We see the entire spectrum of human interaction on social media.
Some exchanges make you want to shake your head in shame, others you are immediately motivated to share to spread the positivity.
Maureen Vernon posted a photo to a Chilliwack bidding group at around 6:30 p.m. on Dec. 30.
The photo showed three pieces of wood, cut and nailed together into the shape of an ‘A’ with a caption that read, “My son’s first creation. He insisted I put it on the bid site.”
Like all items posted on the site, group members have 24 hours to bid on the item, at which point the highest bidder ‘wins’ the item.
Maureen started the bidding at $2 for her son Angus’ first woodworking project, but she didn’t expect anyone to offer that amount.
“I didn’t think it was a good idea,” Maureen told The Progress. Worrying that her son’s feelings would be hurt, she warned him that “more than likely, no one will bid.”
It was the first carpentry project that seven-year-old Angus had taken on. Perhaps inspired by his step-mom Shelley’s crafting, Angus requested some tools and spare wood for Christmas. Finding his supplies under the tree, Angus quickly started putting together the ‘A’ for his namesake.
Hesitant to post the item online, Maureen encouraged her son to spend time improving his skills before attempting to sell his handiwork.
But Angus was confident. “Post it. It’ll sell,” he had said to her.
When Angus returned cheering from a Chiefs victory that evening, he was in for a victory of his own.
At that point, the post had received 68 Likes, nearly as many comments, and more bids than anyone was expecting.
“It was a neighbour who gave the first bid,” Maureen explained. “I thought that was cute. But then strangers started bidding, too.”
When Maureen showed her son that the current bid was up to $10, his reaction was priceless.
“It’s okay not to always be right, Mom,” he had said to her.
Inspired by the response, Angus hoped to run out to the hardware store to collect additional supplies to build more projects. But it was past his bedtime.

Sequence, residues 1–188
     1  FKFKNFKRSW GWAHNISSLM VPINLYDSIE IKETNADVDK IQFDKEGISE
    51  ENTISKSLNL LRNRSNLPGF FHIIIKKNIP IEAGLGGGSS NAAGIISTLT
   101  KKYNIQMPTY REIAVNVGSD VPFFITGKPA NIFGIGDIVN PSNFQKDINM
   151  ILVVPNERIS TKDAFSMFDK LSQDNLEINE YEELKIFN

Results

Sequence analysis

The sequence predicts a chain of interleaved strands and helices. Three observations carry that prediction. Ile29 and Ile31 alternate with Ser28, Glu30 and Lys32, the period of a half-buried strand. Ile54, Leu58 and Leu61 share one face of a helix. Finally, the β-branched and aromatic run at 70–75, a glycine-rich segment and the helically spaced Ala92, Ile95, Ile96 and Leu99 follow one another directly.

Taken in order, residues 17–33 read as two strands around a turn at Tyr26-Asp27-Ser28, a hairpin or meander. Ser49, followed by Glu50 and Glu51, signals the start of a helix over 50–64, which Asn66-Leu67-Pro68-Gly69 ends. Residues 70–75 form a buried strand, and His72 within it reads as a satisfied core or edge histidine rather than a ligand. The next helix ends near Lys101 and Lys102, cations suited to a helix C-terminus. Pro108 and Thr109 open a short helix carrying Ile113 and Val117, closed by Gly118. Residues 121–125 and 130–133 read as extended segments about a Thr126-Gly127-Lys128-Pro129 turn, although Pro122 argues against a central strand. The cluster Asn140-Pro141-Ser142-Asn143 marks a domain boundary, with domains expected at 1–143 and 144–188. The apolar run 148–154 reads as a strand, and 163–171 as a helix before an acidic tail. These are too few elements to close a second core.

The makeshift ‘A’ grew in popularity overnight. It had garnered 369 Likes by the morning, and an outpouring of supportive comments.
“What a wonderful piece of art! Take your winnings and make some more!” said Ashley.
“Who knows where this little guy will go […] keep it up and good luck to both of you,” said Jeannette.
Several group members commended his young entrepreneurial spirit, others requested he make more letters or other creative projects.
Exploring their options for their creative son, Maureen might add a workshop to the spare bedroom, and his dad, a carpenter, will happily teach him the tools of the trade.
His mom kept a watchful eye on Angus as he excitedly worked on additional letters in his living room on Thursday morning, as the online bids continued to climb.
“I never expected this,” she said. “It’s heart-warming.”
Although he doesn’t know yet for what, Angus aspires to be on the cover of a magazine. As one of his favourite artists Justin Bieber resounded from the CD player, he continued hammerin’ and sawin’ away.
Maureen spoke of the negativity that she often sees scrolling through Facebook in other groups, and how great it is to see the opposite.
“It’s just so sweet. People like seeing the positive, sweet stuff. They appreciate it,” she said.
Whether it’s with music, woodwork, theatre or otherwise, it seems more than likely that Angus Hurrie will make something of himself. And it’s clear that he already has hundreds of fans in his hometown.
Maureen predicted that these sort of situations will be common throughout Angus’ life.
“He’s a good kid,” she smiled.
As the 24-hour bidding period came to a close on New Year’s Eve, the closing bid was $20, and the post had received upwards of 450 Likes.